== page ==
Tuesday saw the first ever College Football Playoff Committee Top 25 released. And, it wasn’t too far off from Sam’s top 25 that he released a few hours earlier. They should just let 4 Down Territory decide the final four. But, anyway, at this point in the season rankings don’t mean much. Many of the teams still have games against each other, so that will automatically eliminate certain teams. But, we did learn a few things about how the committee values teams. That will be our topic today in this week’s edition of State of the Conference.
Many people (myself included) were worried that the College Football Playoff Committee would be more worried about pleasing everyone and let personal bias slip into their rankings. Fortunately, for the people who want to see the best teams in the playoff bracket (and SEC fans), they did not let bias cloud their judgment. I feared that the loss of Archie Manning would take away from the SEC’s chances of getting multiple teams in and make our voice not quite as loud. The initial rankings indicate otherwise. Arkansas athletic director and Playoff Committee Chairman Jeff Long said the committee spent roughly 10 hours total in Dallas debating and comparing teams. To me, there were several things that stood out to me as to how they determined who was ranked where.
The first, and biggest, thing was strength of schedule. The committee took more of a “who have you beat so far?” approach, which is the right thing to do. Mississippi State and Florida State are clearly #1 and #2, since they are undefeated. The strength of schedule factor became evident with the next 15 or so teams, however – #3-#17 is a huge cluster of 1-loss teams trying to stake their claim in the top 4. For example, Auburn’s one loss is against the #1 team in the country, on the road. The win on the road against a top 10 Kansas State team also gives the Tigers a major bump in the strength of schedule category. Many people expected Alabama to be in the top 4 if you look at AP rankings. Their one loss is to #3 Ole Miss which is a “good” loss. But, who have they beaten? Their best win so far is against an inconsistent, couch burning West Virginia team. Then, look at a team like Ohio State. They are a traditional, big name power. Many people expected them to be in or around the top 10. But, who have they beaten? The answer is no one and their one loss is to a terrible Virginia Tech team. Because of this, the committee did not reward them just because they are THE Ohio State University.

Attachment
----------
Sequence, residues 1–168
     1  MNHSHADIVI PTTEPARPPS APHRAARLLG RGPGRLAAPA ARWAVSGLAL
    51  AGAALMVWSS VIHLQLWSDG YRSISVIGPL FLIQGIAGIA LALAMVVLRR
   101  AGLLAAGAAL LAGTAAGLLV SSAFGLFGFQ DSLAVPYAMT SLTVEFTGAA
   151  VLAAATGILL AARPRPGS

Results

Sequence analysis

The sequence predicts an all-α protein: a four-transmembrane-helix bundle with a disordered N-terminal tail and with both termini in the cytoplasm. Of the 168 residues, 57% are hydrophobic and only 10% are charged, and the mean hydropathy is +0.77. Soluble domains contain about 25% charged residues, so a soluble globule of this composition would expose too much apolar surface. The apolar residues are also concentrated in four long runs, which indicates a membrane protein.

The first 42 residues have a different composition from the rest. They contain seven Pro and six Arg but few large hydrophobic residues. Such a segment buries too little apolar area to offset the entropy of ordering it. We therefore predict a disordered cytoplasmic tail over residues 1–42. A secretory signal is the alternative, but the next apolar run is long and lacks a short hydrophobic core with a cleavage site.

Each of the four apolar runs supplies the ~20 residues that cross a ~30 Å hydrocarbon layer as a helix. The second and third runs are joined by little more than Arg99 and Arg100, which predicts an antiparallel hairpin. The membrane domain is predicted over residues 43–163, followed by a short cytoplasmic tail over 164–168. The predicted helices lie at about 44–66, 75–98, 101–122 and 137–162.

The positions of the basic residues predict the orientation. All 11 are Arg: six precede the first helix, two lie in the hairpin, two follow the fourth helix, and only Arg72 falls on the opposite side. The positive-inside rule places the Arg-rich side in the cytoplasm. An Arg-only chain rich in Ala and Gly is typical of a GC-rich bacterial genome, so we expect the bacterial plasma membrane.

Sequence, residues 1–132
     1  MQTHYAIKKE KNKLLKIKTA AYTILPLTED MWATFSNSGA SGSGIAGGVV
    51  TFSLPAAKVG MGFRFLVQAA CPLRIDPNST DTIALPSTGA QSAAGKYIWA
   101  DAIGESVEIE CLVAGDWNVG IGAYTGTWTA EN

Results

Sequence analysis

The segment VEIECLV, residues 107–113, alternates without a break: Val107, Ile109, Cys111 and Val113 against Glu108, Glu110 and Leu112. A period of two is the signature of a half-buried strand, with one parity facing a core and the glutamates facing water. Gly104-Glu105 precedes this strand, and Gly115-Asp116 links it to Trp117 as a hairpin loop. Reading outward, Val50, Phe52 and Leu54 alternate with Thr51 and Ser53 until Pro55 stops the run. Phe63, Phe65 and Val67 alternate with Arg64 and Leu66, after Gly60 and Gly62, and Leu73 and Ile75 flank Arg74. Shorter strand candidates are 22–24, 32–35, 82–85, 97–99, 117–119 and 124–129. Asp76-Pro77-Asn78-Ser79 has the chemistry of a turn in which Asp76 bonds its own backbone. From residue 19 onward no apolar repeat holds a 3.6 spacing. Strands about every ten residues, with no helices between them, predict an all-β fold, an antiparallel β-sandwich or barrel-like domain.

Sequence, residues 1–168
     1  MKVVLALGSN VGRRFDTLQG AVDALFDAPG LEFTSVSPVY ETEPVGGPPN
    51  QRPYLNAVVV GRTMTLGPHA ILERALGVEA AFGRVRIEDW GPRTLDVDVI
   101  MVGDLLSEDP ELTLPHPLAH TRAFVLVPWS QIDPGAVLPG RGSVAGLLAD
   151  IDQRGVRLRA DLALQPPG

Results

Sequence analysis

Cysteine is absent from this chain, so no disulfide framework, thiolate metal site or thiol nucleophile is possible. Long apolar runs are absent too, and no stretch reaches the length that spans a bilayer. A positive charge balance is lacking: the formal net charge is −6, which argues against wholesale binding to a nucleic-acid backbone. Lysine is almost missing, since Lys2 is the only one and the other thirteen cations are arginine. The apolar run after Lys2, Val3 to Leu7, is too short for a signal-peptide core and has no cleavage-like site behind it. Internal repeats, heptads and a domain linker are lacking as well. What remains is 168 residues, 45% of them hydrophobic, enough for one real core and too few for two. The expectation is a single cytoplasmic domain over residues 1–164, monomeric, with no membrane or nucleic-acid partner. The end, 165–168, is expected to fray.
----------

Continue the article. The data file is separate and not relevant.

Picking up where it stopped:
The second thing that was evident to me (but not always true) was head–to–head play. Case-in-point is Ole Miss and Alabama. Both teams have 1 loss on the season. Alabama to Ole Miss (#3) and Ole Miss to LSU (#19). Alabama lost to the higher ranked team, but Ole Miss beat Alabama so they get the higher ranking. This is not always the case however. Look at Baylor and TCU. Baylor beat TCU in what was a shootout of Texas-sized proportions (remember that Texas rant Sam had a few weeks ago?) But, TCU has played the better schedule so far this season. Baylor’s nonconference games have been against SMU, Northwestern State and Buffalo. Now if that doesn’t just scare the bejeezus out of you, then I don’t know what does. In the Bama/Ole Miss example, their schedules are similar enough to justify the head–to–head argument. In the Baylor/TCU example, the schedule strengths aren’t even close enough for head-to-head to come into play.
ATTENTION SEC HATERS, THIS IS THE POINT THAT YOU WILL LIKE SO START READING HERE. The final thing that is evident to me is that none of this means anything right now and the final rankings will be much different from what they are now. Alabama plays Mississippi State. Auburn plays Ole Miss. Georgia plays Auburn. Ole Miss plays Mississippi State. Auburn plays Alabama. Kansas State plays TCU. Baylor plays Kansas State. Michigan State plays Ohio State. And the list goes on and on. The point is that there is still plenty of time for your favorite team to play their way into the Final 4. It just better be against quality opponents, and not some glorified scrimmage.